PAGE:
thalpy has
h=u+Pv (4.2)
where uis the speciﬁc internal energy and vis the speciﬁc volume. Common
unit of speciﬁc enthalpy is J/kg.
Internal Energy & Enthalpy 33
Had we divided (4.1) by the amount of substance, we would have got
the molar enthalpy.Thenuwould have been the molar internal energy
and vthe molar volume. Common unit of molar enthalpy is J/mol. Note
that enthalpy is an extensive property. Speciﬁc and molar enthalpies are
intensive properties.
In this textbook, we use the unit kJ for enthalpy, kJ/kg for speciﬁc
enthalpy, and kJ/kmol for molar enthalpy. We use Hto denote enthalpy,
and the notation hto denote both the speciﬁc and molar enthalpies.
Student: Teacher, is enthalpy the same as heat?
Teacher: No. Enthalpy is very diﬀerent from heat, and you will learn about
the diﬀerence between enthalpy and heat in detail in Chapter 8. Now, let
me tell you that the enthalpy of a system may be increased by supplying
heat to the system.
Student: Teacher, forgive me for asking. What is enthalpy?
Teacher: My dear Student, there is only one answer for that question. Enthalpy
is a property deﬁned by H=U+PV.
Student: Teacher, I want the physical meaning of enthalpy.
Teacher: Forgive me, dear Student, I am unable to give you a physical meaning
of enthalpy. All what I can tell you is we frequently encounter the combi-
nation of properties U+PV, particularly when applying the ﬁrst law to
open systems. For the sake of convenience, U+PV is deﬁned as a new
property enthalpy. However, let me assure you that you will appreciate the
signiﬁcance of the property enthalpy when dealing with ﬂuids in motion,
as we will do with open systems in Chapters 9 and 10.
We know that a state of a simple compressible system can be described
completely by two independent, intensive properties (see Section 2.8). If the
properties are chosen as the speciﬁc (or molar) volume vand temperature
T, then the speciﬁc (or molar) enthalpy can be written as
h=h(v, T )at an equilibrium state of a simple compressible system.
34 Chapter 4
Student: Teacher, you have chosen vand Tas the independent, intensive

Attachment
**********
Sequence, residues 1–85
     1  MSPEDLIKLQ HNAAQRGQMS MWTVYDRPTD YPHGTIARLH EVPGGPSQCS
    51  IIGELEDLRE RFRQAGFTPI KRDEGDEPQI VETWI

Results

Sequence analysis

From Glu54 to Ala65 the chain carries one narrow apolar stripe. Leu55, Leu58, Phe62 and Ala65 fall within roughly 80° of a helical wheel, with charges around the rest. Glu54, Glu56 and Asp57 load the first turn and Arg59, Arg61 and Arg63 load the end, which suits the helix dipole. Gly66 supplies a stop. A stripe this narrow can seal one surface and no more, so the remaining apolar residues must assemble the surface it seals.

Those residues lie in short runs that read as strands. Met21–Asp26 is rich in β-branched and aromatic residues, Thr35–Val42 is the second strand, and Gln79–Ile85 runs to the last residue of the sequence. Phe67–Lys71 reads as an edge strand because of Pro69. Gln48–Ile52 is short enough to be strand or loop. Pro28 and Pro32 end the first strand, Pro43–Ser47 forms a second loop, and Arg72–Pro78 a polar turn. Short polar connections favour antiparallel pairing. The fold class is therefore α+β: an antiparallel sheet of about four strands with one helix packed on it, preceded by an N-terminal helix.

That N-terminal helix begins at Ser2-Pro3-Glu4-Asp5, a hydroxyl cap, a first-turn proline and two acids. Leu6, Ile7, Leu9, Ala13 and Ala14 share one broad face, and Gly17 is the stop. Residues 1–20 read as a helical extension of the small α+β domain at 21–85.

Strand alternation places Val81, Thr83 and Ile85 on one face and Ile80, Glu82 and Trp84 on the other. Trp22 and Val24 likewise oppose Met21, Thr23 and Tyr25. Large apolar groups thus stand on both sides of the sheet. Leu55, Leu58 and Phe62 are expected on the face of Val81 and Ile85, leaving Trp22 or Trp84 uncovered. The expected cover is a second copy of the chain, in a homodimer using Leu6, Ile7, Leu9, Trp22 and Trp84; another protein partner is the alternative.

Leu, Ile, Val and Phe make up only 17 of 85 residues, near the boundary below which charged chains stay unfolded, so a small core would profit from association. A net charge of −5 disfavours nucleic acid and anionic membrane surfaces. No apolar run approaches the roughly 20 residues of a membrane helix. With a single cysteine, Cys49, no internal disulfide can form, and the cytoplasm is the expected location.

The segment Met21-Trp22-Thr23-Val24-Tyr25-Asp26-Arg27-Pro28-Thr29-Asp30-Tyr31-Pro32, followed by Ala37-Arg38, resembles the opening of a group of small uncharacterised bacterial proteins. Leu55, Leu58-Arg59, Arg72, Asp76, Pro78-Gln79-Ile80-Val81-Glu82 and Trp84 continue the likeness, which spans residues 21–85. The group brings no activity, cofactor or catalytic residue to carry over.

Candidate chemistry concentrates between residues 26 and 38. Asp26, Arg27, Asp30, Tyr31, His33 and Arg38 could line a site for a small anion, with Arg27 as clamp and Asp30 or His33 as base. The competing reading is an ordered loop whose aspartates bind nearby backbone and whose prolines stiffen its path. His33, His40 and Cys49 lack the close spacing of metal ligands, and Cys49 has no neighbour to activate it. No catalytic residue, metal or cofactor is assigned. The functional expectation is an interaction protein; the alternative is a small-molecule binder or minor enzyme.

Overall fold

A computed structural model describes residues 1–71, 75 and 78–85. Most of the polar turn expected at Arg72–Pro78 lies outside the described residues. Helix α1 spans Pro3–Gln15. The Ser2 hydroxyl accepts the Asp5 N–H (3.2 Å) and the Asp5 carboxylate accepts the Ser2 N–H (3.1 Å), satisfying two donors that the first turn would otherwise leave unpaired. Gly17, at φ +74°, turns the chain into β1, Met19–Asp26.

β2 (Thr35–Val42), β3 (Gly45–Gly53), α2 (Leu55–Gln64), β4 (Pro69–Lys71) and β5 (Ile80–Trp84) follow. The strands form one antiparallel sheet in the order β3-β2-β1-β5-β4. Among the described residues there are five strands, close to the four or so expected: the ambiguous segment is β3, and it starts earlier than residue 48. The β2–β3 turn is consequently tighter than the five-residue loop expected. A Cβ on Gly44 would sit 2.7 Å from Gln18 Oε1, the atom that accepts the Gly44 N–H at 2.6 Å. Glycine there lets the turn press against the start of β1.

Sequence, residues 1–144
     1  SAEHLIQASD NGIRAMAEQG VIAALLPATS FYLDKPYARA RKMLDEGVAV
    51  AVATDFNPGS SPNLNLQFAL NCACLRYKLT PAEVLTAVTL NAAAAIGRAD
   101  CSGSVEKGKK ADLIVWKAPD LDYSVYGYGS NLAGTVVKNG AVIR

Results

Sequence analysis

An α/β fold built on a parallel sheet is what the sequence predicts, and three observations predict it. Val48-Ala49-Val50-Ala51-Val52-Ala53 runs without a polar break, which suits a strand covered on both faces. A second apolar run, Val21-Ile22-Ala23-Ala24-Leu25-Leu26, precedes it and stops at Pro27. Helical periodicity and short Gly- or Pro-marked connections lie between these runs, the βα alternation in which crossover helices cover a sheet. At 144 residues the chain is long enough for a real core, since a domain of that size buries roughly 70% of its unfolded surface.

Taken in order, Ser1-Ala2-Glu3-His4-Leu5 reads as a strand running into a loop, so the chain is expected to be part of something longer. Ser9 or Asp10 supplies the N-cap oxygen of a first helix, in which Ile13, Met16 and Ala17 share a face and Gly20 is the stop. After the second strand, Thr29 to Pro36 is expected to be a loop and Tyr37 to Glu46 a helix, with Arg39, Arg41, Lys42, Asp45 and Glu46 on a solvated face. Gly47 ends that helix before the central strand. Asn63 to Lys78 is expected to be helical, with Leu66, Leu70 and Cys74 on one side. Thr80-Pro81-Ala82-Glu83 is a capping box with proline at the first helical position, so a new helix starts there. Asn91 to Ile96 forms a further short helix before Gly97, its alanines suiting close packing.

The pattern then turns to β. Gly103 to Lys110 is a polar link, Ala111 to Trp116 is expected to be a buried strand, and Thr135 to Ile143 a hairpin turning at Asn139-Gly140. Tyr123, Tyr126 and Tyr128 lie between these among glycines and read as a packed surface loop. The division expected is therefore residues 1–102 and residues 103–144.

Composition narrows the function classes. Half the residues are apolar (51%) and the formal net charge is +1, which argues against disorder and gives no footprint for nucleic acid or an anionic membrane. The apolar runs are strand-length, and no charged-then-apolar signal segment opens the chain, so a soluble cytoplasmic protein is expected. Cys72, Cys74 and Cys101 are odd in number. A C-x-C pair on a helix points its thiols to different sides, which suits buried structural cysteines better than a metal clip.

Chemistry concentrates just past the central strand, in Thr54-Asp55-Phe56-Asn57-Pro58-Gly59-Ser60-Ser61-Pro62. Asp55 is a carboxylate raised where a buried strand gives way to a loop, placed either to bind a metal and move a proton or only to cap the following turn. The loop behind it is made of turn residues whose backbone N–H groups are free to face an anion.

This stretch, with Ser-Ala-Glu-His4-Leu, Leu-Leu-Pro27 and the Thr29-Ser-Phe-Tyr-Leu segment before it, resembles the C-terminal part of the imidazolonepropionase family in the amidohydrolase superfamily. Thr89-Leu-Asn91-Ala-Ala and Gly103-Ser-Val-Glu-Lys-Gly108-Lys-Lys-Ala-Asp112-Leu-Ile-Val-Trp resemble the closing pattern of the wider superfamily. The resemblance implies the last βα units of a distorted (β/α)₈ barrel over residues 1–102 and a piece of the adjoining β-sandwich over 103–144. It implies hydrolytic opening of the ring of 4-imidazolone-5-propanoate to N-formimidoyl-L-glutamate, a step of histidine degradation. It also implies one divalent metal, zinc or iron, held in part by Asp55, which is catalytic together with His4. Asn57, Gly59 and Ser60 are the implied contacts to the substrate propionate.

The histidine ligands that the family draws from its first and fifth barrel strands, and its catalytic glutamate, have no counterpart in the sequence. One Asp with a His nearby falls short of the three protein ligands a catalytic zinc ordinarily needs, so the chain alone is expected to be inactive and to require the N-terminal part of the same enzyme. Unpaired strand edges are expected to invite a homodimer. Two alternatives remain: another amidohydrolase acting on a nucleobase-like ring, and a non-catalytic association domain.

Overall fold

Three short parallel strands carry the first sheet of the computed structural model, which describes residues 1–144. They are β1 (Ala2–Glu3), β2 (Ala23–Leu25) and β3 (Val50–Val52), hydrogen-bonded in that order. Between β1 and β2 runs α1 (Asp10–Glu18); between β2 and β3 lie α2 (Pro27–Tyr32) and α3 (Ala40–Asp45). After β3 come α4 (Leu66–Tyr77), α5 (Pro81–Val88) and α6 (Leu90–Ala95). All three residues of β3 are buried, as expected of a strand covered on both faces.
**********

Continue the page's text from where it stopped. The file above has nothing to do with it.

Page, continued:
properties, and expressed uand has functions of vand T. Why don’t we
choose, for example, Pand Tas the independent, intensive properties,
and express uand has functions of Pand T.
Teacher: Yes, we could also choose the independent, intensive properties to
be Pand T, which are in fact easier to measure and control. However, it
is important to note that Pand Tcan be independent of each other only
when the substance is in a single phase. When a substance exists in two
phases, like boiling water in a closed vessel, Tcannot be changed without
aﬀecting P,orPwithout aﬀecting T. Therefore, we can write u=
u(P, T )or h=h(P, T )for an equilibrium state of a simple compressible
system only when the system remains in a single phase.
4.3 Summary
Internal energy is a property of a system that represents the sum of all
microscopic modes of energy in the system.
Enthalpy, H,isdenedas
HU+PV (4.1)
and the speciﬁc (or molar) enthalpy is therefore given by
h=u+Pv (4.2)
Speciﬁc (or molar) internal energy for a simple compressible system at an
equilibrium state can be written as a function of temperature and speciﬁc
(or molar) volume.
Speciﬁc (or molar) enthalpy for a simple compressible system at an equi-
librium state can be written as a function of temperature and speciﬁc (or
molar) volume.
For a simple compressible system at an equilibrium state uand hcan also
be written as functions of Tand Pprovided the system remains in a single
phase.